Once in a while, I forward an article in its entirety. Besides I am in France and their keyboards drive me nuts. Below are two book reviews by Jenny Goldie, reprinted with permission. Some of you may be familiar with her clear thinking and writing from other National Forum articles and activism on population issues. I am grateful to know her through the peak oil group in Canberra. The author mentioned in the second review is coming to Australia later this year, and he has a following. At the end I have added a link to another article about temperatues in the US, but some readers might not believe NOAA, your choice. Apologises for the length and formatting of this post, but internet is not so easy when travelling. The Race for What’s Left – the global scramble for the world’s last resources Michael T. Klare Metropolitan Books, New York 2012, 307 pp Reviewed by Jenny Goldie For those of us aware of the issue of peak oil, exploitation of new unconventional sources has thrown us into confusion. If conventional oil production peaked in 2006, will tar sands, deep off-shore oil and gas, Arctic oil, shale gas and other hydrocarbons stave off the imminent decline in oil? There are certainly a lot of these unconventional sources, as Michael Klare explains in yet another authoritative book. In one of his earlier ones, Resource Wars, he argued that future wars will be fought over access to dwindling supplies of natural commodities such as oil, natural gas, minerals, and water. This book is really a corollary of that. There might be a lot of unconventional oil reserves – 50 billion barrels in ultra-deep pre-salt deposits off Brazil for instance – but they come with problems. They are difficult to get at. The Brazilian reservoir Tupi, for instance, ‘lies beneath 1.5 miles of water and another 2.5 miles of rock, salt and sand’. (Can’t get your head around that? Think of the Grand Canyon and multiply its depth by four.) These wells in tropical seas are vulnerable to hurricanes such as Katrina in 2005 that destroyed 47 drilling platforms and then, a month later, Rita that damaged 32 more. The likelihood of major accidents is high. And it’s not just in the tropics that such accidents may occur. The rush is on for the vast reserves of oil and gas in deep water off Greenland’s west and east coasts but here the rigs are vulnerable to ice-bergs. Workers must also contend with extreme cold and frequent storms. Inuit activists are concerned that a Deepwater Horizon-type spill would severely damage Greenland’s fragile coastal zone, some of which is vital to Inuit culture. But even further north in the Arctic Sea, geo-political disputes over the oil and gas reserves between the five Arctic powers – USA, Russia, Norway Denmark (Greenland) and Canada – are already underway, especially after Russia planted a titanium replica of the Russian flag on the floor of the sea at the North Pole in 2007. Most worrying, however, is the exploitation of the Athabasca tar sands in Alberta, Canada, that carry such an immediate and huge environmental cost. Tar sands are basically bitumen that has to be melted and combined with natural gas to make it liquid and transportable. Pine and spruce forests are annihilated for the open cut mines. Pollutants contaminate the north-flowing rivers into the Arctic. With an estimated 170 billion barrels potentially recoverable, however, or nearly six years of total global consumption, there seems no way to stop the Canadians continuing on this rapacious path. Oil, of course, is not the only resource that is in demand. Modern industry depends on many exotic elements like rhodium, niobium, lanthanum and samarium. China holds 95 per cent of the total supply of ‘rare earths’ and, in 2010, blocked such exports to Japan causing panic because many are essential in the production of hybrid cars. The Toyota Prius, for instance, requires two pounds of neodymium and up to 33 pounds of lanthanum. The race is now on to find alternate sources. As well as rare earths, there are other ‘critical minerals’ that are not readily available because either their deposits are scarce or because they are located in problematic locations, such as tantalum in the eastern part of the Democratic Republic of Congo. The profits of mining this particular mineral flow to rebel militias or rogue elements in the DRC army. And now yet another race is on. This time it is to acquire land for food production since there is no guarantee there will always be food to buy on the world market. Wealthy Arab desert states with large and growing populations are searching in Africa, South America and Russia for land on which their companies can grow food and export it back home. Many locals, in Ethiopia for instance, protest that land is already being utilised – often for pastoralism if not cropping – but their objections are over-ruled by elites wanting to cash in on the deals. Even Australia is affected by foreign take-up of land. THE END OF GROWTH – Adapting to our new economic reality by Richard Heinberg 2011 New Society Publishers, Canada 320pages $26.95rrp Reviewed by Jenny Goldie In his book The Great Disruption, Paul Gilding describes how once he became so overwhelmed by the parlous state of the world that he burst into tears while addressing a room full of executives. Clive Hamilton, at the launch his book Requiem for a Species, said he had an ‘Oh shit’ moment in September 2008 when he realised the world could not avoid dangerous, runaway climate change. My reaction to The End of Growth was a mixture of these. It left me profoundly depressed and worried. Well versed in both climate change and peak oil, I thought I was prepared for what Heinberg might throw up this time. But I was not well versed enough in the vulnerabilities of our financial-monetary system. That, he argues, is not just vulnerable to periodic internal disruptions like credit crises, it is inherently unsustainable in the emerging context of energy and resource constraints. And if the financial-monetary system seizes up, this will imperil society’s ability to respond to any and all other crises. This means that, whatever our other priorities may be, we must immediately devote effort to reforming the financial-monetary system. That was my ‘Oh shit’ moment. I read this just as Treasurer Wayne Swan said another $20 billion had been added to the deficit, partly because of natural disasters (Queensland floods) and to the flow-on effects of the Eurozone crisis. ‘It’s already unravelling’, I thought. Heinberg argues that we are living through the ‘fifth great turning’ in human history. The first was the harnessing of fire which allowed us to stay warm in colder climates and to cook our food; the second was the development of language that enabled humans to coordinate their actions over time; the third was the agricultural revolution 10,000 years ago that allowed division of labour and the subsequent emergence of towns and cities; and the fourth the industrial revolution from 200 years ago that replaced muscle power in transportation and production with the energies of fossil fuels. These four turnings involved expansion. This fifth turning, in which we are turning away from a fossil-fuelled, debt- and growth-based industrial civilisation towards a sustainable, renewable and steady state society, will be characterised by contraction, until we are living within the Earth’s ‘replenishable budget of renewable resources’. For millennia, local economies advanced and retreated while the global economy expanded only slowly. For the past century and a half, however, the fossil fuel revolution caused economic growth to speed up and to a scale that was unprecedented. We appeared to be a ‘perpetual growth machine’ thanks to the process of extracting and burning hundreds and millions of years of chemically stored sunlight. Critically, expectations of further, indeed unending, economic growth translated into enormous amounts of consumer and government debt. But the era of cheap, abundant fuels is coming to an end and ‘any efforts by policy makers to continue pursuing elusive growth really amount to a flight from reality,’ he says. There are three primary factors that stand in the way of further growth: The depletion of important resources including fossil fuels and minerals. The proliferation of negative environmental impacts arising from both the extraction and use of these (including the burning of fossil fuels) – leading to snow-balling costs from both these impacts themselves and from efforts to avert them, and financial disruptions due to the inability of our existing monetary, banking and investment systems to adjust to both resource scarcity and soaring environmental costs – and their inability (in the context of a shrinking economy) to service the enormous piles of government and private debt that have been generated over the past couple of decades. Heinberg notes that there are thousands of events in recent years that illustrate how all three factors are interacting and hitting home with ever more force. These include the Deepwater Horizon oil spill of 2010. Not only were the environmental effects ruinous, the flow-on effects included economic damage to fisheries. Insurance companies raised premiums for all deepwater drilling operations and BP duly lowered its returns to investors, affecting British pension funds that were invested in the company. Heinberg says we can expect further events such as climate change-induced droughts, floods and famines; shortages of energy, water and minerals; and waves of bank failures, company bankruptcies, and house foreclosures. Each will be treated as a special case. But in the final analysis, they are all related, in that they are consequences of a growing population striving for higher per capita consumption of limited resources (Including non-renewable, climate-altering fossil fuels), all on a finite and fragile planet. When economic growth inevitably ends, the economy will contract and be radically simplified. At some point in the next few years, stock and real estate values will plunge, banks will close, and businesses will shutter their doors. Monetary, financial and social systems built upon the expectation of growth will simply fail in growth’s absence. In the worst, instance, that failure could take the form of a nearly complete cessation of trade…Some sort of new economy would inevitably emerge from the wreckage…Measured in GDP, it might correspond to the world economy of fifty, a hundred, or even a hundred and fifty years ago. Contraction of the economy may be controlled, or it may be chaotic, even catastrophic. Energy shortages or environmental disasters could play prominent roles, in which case collapse comes sooner and is more complete. And the risk of the latter is considerable with even the Bundswehr (German military) 2010 report on peak oil warning: ‘A shrinking economy over an indeterminate period presents a highly unstable situation which inevitably leads to system collapse…The risks to security posed by such a development cannot even be estimated.’ Assuming we survive this radical contraction, what will post-growth economics look like? It must involve four fundamental principles: Growth in population and consumption rates cannot be sustained Renewable resources must be consumed at rates below those of natural replenishment. Non-renewable resources must be consumed at declining rates (with rates of decline at least equaling rates of depletion) and recycled wherever possible, and Wastes must be minimised, rendered non-toxic to humans and the environment, and made into ‘food’ for natural systems or human production processes. The ‘steady state economy’, espoused by Geoff Mosley of CASSE (Centre for the Advancement of Steady State Economics) at our November NSF meeting, incorporates these principles. A pioneer of the movement, Herman Daly, is much quoted by Heinberg (whose breadth of reading on economic matters is nothing short of heroic). Interestingly, Daly differentiates between economic growth and uneconomic growth. The latter consists of GDP gains that are accompanied by static or declining social benefits as, for example, when short-term growth is achieved by undermining ecosystems whose services have a long-term value. There have been various movements in response to the works of Daly and others such as the degrowth movement in the US and the voluntary simplicity movement in the US, many of whom advocate the Buy Nothing Day on the Friday after Thanksgiving. Other authors have made systematic critiques of standard economic theory including Henry George, E F Schumacher (Small is Beautiful) and more recently the Canadian Peter Victor. In his 2007 book Managing Without Growth, Victor presents a model for the Canadian economy that shows ‘…it is possible to develop scenarios over a thirty year time frame for Canada in which full employment prevails, poverty is essentially eliminated, people enjoy more leisure, greenhouse gas emissions are drastically reduced, and government indebtedness declines, all in the context of low and ultimately no economic growth.’ Some nations are already moving in the direction of a steady state economy such Sweden, Denmark, Japan and Germany. Sweden even has some ‘eco-municipalities’ that try and dematerialise their economies and foster social equity. An essential component of a steady state economy is reform of corporate law. Currently, by limiting liability for employees and investors, the law gives corporations financial resources to influence public policy and to exploit people and nature without moral or legal responsibility. Many argue that corporations should be replaced with cooperatives (such as credit unions) which could potentially avert the overuse of resources by placing other values, including the interests of future generations, ahead of profit. Heinberg insists we must talk now about adapting to the end of growth since the circumstances that will make the economy fail are already unfolding around us (resource depletion and catastrophic environmental decline). He stresses that, in preparing for an end to growth in a post-fossil fuel environment, we must at the same time preserve and build social cohesion. But how far down the trail of complexity and technological sophistication might we have to retreat? Can we surrender cars and supermarkets but still keep cultural exchange and tolerance along with our hard-won scientific knowledge, advanced healthcare and instant access to information? Those indeed are the questions. This book is worrying in its content but a fount of information. Highly recommended. finally: U.S. EXPERIENCED SECOND WARMEST MAY, WARMEST SPRING ON RECORD, NOAA REPORTS According to NOAA scientists, the average temperature for the contiguous U.S. during May was 64.3°F, 3.3°F above the long-term average, making it the second warmest May on record. The month's high temperatures also contributed to the warmest spring, warmest year-to-date, and warmest 12-month period the nation has experienced since recordkeeping began in 1895. -- full story > http://www.sciencedaily.com/releases/2012/06/120607185751.htm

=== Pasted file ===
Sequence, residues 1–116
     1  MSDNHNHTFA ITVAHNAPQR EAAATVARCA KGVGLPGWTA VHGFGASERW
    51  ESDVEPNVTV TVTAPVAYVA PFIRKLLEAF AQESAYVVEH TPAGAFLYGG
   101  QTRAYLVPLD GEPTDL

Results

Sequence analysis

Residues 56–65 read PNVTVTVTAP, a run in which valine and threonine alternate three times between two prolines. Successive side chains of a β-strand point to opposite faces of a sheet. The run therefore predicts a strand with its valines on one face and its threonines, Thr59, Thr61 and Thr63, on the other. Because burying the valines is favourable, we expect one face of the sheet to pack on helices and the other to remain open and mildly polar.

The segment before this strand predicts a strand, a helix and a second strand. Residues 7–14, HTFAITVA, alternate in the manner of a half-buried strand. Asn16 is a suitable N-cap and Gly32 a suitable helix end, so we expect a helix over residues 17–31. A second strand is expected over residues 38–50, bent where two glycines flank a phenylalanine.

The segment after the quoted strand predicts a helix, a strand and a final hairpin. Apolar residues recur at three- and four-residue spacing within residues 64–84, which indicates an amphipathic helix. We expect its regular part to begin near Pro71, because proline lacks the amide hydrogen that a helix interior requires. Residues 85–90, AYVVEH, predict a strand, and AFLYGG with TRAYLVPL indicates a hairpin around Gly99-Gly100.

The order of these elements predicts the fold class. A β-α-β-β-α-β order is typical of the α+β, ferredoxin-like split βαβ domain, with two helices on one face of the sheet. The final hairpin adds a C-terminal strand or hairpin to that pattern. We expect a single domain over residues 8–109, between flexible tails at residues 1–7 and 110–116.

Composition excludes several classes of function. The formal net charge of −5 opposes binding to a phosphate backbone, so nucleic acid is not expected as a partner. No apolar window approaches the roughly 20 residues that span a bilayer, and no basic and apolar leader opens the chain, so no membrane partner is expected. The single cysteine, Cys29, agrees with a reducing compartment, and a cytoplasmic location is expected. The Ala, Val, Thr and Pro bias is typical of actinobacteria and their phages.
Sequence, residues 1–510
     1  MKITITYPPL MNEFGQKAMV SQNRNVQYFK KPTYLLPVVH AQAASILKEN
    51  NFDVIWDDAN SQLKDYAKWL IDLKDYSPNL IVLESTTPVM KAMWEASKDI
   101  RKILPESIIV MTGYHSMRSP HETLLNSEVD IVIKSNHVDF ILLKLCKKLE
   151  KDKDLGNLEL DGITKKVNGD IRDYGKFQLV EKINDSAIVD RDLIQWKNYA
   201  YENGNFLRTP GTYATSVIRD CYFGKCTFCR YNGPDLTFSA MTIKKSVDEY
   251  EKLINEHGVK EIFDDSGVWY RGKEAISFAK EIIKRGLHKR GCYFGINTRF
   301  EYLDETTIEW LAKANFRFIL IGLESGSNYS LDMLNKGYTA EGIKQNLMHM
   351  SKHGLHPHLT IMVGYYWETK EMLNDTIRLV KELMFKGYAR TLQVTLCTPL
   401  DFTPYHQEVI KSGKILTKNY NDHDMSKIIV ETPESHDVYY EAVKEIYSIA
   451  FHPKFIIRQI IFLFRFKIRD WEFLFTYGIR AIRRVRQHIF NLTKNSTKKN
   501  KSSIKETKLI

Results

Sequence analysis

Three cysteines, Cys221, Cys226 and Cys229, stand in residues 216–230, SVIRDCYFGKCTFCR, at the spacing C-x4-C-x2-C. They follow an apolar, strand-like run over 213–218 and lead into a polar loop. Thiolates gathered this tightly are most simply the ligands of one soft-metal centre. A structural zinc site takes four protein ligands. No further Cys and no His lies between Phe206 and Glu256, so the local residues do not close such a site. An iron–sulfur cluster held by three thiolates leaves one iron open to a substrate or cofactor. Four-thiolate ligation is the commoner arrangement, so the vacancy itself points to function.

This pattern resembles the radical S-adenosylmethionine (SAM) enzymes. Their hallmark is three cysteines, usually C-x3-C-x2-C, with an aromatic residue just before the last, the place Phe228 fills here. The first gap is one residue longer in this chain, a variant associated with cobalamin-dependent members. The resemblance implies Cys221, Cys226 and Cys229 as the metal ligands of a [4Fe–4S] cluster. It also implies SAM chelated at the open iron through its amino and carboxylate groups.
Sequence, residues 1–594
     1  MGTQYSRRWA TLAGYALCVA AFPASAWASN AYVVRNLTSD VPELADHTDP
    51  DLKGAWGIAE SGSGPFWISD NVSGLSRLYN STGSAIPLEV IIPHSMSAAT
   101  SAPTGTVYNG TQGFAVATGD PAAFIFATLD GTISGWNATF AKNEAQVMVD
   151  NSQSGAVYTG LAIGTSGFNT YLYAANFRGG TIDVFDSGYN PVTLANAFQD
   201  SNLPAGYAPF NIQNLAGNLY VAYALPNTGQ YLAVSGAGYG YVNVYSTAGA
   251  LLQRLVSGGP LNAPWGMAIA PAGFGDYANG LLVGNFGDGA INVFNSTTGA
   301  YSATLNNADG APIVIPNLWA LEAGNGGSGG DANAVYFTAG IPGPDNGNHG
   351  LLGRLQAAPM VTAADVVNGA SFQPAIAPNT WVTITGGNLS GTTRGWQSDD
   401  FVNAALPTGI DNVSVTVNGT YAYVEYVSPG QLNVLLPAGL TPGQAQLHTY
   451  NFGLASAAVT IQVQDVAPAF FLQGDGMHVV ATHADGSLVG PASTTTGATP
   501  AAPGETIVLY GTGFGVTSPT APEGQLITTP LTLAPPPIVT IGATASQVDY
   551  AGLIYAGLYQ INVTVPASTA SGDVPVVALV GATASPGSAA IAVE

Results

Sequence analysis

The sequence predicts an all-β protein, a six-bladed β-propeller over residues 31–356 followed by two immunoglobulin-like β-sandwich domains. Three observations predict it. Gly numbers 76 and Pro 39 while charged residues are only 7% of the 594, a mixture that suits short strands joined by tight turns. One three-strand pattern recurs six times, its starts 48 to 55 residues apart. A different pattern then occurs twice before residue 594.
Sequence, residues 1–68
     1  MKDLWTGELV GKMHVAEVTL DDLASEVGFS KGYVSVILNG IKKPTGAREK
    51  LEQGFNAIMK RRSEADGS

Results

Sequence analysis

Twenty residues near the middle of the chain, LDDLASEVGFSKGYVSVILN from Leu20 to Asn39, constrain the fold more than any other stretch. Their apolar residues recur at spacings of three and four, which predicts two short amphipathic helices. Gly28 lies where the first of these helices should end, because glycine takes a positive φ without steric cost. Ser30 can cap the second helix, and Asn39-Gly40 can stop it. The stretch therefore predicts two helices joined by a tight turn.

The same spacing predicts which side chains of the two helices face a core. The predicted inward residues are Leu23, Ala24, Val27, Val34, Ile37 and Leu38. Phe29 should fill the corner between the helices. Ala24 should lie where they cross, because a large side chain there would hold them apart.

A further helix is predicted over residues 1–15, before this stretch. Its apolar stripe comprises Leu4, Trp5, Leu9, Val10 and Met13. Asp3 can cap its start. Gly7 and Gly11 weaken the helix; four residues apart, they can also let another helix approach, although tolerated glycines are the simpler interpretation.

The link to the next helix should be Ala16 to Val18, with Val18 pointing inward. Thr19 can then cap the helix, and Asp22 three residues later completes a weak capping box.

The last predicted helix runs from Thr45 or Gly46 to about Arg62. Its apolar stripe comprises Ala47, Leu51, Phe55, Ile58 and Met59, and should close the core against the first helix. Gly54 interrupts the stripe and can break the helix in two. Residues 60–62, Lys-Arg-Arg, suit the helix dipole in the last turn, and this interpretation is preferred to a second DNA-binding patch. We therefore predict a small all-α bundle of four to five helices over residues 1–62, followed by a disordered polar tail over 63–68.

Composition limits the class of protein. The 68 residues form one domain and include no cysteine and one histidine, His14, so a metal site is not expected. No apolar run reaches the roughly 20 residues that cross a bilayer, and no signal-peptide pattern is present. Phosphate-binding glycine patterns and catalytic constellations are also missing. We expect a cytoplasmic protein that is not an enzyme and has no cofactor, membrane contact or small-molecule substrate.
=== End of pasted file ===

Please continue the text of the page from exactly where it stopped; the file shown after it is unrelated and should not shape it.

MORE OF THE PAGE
June 11, 2012 | Ronda Jambe